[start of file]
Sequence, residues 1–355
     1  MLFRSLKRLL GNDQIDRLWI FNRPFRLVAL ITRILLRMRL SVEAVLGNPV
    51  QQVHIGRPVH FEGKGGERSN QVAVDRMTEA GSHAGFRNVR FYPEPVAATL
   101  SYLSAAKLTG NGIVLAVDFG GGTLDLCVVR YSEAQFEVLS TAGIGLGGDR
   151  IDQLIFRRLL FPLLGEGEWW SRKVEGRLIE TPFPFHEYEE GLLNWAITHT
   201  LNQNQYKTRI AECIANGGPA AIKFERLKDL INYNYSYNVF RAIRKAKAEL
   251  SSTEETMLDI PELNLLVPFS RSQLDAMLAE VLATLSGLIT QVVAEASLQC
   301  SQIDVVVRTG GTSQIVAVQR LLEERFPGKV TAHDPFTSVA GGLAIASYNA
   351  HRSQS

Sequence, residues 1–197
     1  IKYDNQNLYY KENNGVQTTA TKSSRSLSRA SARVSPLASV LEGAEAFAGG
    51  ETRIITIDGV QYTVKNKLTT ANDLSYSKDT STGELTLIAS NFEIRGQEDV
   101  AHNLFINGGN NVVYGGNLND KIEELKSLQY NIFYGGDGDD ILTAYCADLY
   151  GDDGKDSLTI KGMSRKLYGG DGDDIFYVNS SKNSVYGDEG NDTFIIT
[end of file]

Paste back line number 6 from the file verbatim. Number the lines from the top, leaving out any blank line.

   201  LNQNQYKTRI AECIANGGPA AIKFERLKDL INYNYSYNVF RAIRKAKAEL